Next year, not this, is the best bet for a change of Labour leader, argues Joff Wild
The good news for Jeremy Corbyn is that he is not the most unpopular politician in the UK. The bad news is that the two men who beat him to top spot are Donald Trump and Vladimir Putin. With the Labour leader being kept out of view from voters in Stoke and featuring prominently on Tory campaign literature in Copeland, and the party’s overall poll ratings continuing to slide on the back of the highly divisive and utterly pointless decision to three line whip Labour MPs through the lobbies in support of Tory Hard Brexit, it is no surprise that talk of Corbyn’s leadership is once again front page news. As TSE observed today, it’s becoming a question of when he goes, not whether.
Obviously, anyone who like me wants a decent opposition to the Tories, let alone a competitive Labour party electorally, will scream “the sooner the better”, but sadly things are not as simple as that. While Corbyn stepping down immediately would be wonderful, the chances are that he won’t. In fact, the awful truth is that while Theresa May gets on with negotiating the Brexit deal, for the next year or so at least it’s likely that facing her across the Commons floor will be the current Leader of the Opposition, hopeless, hapless and shorn of the last vestiges of whatever authority he might once have had. Thus, unfortunately for the UK, the only serious scrutiny the Prime Minister will need to worry about at this crucial time in the country’s history is that which comes from her own party. Here’s why.
At the next Labour party conference, being held in Brighton this autumn, a vote will be held about lowering the nomination threshold to become a candidate in any future leadership election. Entitled the McDonnell amendment – as it was originally suggested as a means for the shadow chancellor to succeed Corbyn – the proposal is that instead of being required to secure the support of 15% of MPs and MEPs (while they are still around), as is currently the case, a prospective candidate would only be required to secure 5%. Obviously, that would make it much easier for someone from the far left to get onto the ballot, paving a clear path for Corbyn to quit a job he so obviously hates in order to spend even more time making jam and tending his allotment.
Given that the only way for Labour to win and exercise power is to have more MPs than other parties and to be able to organise them effectively, the wisdom of a leader with just 5% support from those sitting behind him or her in the Commons is moot, to say the least. But let’s put that to one side; instead, let’s focus on whether the McDonnell amendment will pass. That is unlikely.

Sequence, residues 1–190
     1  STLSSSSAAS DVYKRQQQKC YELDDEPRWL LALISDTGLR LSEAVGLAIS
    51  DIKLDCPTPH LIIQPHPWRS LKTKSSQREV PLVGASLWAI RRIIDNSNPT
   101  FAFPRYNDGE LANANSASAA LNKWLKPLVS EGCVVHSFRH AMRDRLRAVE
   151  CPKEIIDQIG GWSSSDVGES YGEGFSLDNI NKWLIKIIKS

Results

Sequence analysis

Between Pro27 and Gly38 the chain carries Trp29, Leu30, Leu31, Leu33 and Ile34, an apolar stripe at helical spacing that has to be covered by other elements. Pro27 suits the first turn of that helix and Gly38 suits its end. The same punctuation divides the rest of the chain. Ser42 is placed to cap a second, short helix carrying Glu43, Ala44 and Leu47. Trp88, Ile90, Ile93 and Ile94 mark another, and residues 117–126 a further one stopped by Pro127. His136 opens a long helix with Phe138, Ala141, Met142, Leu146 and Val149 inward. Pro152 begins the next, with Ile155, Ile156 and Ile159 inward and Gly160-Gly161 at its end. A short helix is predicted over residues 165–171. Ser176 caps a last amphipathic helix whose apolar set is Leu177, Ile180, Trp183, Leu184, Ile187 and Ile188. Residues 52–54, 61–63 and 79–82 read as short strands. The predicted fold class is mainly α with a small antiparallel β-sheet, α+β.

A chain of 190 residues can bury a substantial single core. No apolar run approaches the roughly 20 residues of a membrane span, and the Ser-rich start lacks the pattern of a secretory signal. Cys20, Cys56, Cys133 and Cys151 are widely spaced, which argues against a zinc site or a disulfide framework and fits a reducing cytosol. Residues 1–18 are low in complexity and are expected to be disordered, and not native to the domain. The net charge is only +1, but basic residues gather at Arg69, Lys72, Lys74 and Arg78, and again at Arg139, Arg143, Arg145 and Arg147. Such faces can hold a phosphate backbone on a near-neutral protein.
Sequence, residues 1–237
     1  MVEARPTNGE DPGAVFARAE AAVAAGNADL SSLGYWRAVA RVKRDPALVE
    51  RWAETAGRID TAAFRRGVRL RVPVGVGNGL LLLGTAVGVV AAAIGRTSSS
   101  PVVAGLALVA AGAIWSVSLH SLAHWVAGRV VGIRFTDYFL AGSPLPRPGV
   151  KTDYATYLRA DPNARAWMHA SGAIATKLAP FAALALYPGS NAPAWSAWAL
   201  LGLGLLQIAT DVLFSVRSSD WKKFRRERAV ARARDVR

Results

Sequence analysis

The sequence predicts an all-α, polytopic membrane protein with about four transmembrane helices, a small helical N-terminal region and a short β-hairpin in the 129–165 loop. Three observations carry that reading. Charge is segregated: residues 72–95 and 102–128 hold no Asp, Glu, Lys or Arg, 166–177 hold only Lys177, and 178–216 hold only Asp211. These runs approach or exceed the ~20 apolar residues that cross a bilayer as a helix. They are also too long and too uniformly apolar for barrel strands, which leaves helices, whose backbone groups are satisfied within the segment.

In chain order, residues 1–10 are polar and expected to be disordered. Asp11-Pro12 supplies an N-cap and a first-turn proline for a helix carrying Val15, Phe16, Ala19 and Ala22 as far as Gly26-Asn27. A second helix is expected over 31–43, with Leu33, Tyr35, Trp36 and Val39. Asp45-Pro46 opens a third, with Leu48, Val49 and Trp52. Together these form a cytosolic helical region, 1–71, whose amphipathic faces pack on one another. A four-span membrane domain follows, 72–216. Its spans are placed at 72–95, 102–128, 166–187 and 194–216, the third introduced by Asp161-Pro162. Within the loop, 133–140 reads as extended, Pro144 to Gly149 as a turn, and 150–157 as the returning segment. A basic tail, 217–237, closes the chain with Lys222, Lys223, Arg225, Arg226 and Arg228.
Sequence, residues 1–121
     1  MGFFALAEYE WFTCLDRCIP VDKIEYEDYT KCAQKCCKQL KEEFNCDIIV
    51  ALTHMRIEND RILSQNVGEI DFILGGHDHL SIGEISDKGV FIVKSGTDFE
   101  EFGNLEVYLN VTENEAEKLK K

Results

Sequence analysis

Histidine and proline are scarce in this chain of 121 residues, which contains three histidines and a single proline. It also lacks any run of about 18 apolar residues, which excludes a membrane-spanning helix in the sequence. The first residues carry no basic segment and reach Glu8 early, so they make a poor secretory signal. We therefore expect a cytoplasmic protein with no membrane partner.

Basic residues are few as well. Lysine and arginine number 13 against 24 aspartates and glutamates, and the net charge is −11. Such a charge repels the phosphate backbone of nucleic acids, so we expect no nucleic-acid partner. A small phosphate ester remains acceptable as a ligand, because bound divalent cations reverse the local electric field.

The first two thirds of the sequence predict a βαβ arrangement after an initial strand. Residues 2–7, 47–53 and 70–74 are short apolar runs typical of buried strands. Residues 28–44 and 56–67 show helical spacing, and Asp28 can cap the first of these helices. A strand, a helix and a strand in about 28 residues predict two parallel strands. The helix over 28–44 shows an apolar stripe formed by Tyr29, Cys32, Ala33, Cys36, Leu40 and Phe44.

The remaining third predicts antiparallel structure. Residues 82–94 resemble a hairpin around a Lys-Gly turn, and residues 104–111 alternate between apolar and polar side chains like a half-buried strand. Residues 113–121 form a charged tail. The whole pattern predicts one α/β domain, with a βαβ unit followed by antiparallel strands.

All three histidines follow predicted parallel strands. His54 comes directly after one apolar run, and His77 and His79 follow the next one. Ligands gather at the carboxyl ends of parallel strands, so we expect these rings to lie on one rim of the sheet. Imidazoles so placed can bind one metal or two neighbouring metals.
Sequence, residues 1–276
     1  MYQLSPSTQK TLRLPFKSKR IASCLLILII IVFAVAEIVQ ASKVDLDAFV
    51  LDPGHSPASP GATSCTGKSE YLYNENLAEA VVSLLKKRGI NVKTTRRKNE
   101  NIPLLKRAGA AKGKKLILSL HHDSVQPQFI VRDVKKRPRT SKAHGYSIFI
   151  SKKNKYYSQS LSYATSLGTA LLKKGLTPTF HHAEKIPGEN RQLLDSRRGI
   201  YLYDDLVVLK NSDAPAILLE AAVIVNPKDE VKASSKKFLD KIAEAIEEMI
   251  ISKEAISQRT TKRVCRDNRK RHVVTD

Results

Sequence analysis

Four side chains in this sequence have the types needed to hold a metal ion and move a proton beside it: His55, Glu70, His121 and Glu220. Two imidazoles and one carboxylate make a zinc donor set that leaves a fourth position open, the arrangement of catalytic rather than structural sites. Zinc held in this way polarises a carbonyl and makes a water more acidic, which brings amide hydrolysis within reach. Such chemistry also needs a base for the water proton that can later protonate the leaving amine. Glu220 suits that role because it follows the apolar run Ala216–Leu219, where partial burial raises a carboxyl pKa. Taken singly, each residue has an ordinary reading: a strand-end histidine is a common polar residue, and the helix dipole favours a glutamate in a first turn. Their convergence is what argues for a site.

It is now clear that most of Corbyn’s support is derived from keyboard members who never go near a constituency Labour party (CLP). If you look at votes on appointments in which being physically present at a meeting is required – ie, almost all those outside the leader, deputy leader and CLP NEC members contests (which are online) – then moderates win most of the time. What this means is that MPs and Parliamentary candidates will continue to be primarily chosen by moderate members and that CLP delegations to conference are likely to be mostly made up of moderates.
If I am right on this, the McDonnell amendment will not pass. But I could be wrong. What is pretty much certain is that there is no way Corbyn will voluntarily stand down before the vote occurs.
If I have called it incorrectly and the proposal gets through, Corbyn’s resignation is unlikely to follow immediately, especially as he would be succeeded on an interim basis by Tom Watson, who is widely despised by Corbyn’s team. Instead, the far left will agree the candidate it wants to put up to take his place and Corbyn will say he will stand down once the election has taken place in 2018, so leaving Watson in limbo.
But if I am right and the McDonnell amendment fails, Corbyn and his comrades in arms have a big question to ask themselves: does he stay in place and lead Labour to catastrophe at the next general election, so destroying the far left inside Labour for a generation at least; or does he step down and let the soft left or even the centre take the can for a shellacking? I think there is a good case for believing that the far left may well seek to shift as much blame as possible to its Labour rivals for a 2020 defeat, as that may allow for a comeback in the following decade.
On the other hand, if Corbyn chooses to stay, the drift away from him among members is only likely to continue. As polls stay low and real results remain dire, we can expect a challenge after the local government elections in May 2018.
Of course, we could still get a change this year. All that it would take is for Len McCluskey (or Gerard Coyne, if there is a miracle in the Unite general secretary election) to call for a contest. That would then give licence to MPs to gather nominations without accusation of disloyalty. My sense is that we are well past peak-Corbyn and that if there were a union sanctioned challenge in 2017 he would lose. Of course, when he does go, he will take a lot of those keyboard members with him; that can only be good news for Labour and for the country as a whole.
Joff Wild posts on Political Betting as SouthamObserver. You can follow him on Twitter at @SpaJW